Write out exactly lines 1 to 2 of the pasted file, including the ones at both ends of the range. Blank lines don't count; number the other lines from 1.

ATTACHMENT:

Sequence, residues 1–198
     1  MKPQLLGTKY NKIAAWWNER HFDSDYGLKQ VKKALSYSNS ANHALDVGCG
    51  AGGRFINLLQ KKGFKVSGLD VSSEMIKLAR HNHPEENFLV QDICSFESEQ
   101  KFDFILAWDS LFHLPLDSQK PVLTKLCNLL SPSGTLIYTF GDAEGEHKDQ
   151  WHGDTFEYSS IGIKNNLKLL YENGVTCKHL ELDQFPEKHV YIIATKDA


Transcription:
Sequence, residues 1–198
     1  MKPQLLGTKY NKIAAWWNER HFDSDYGLKQ VKKALSYSNS ANHALDVGCG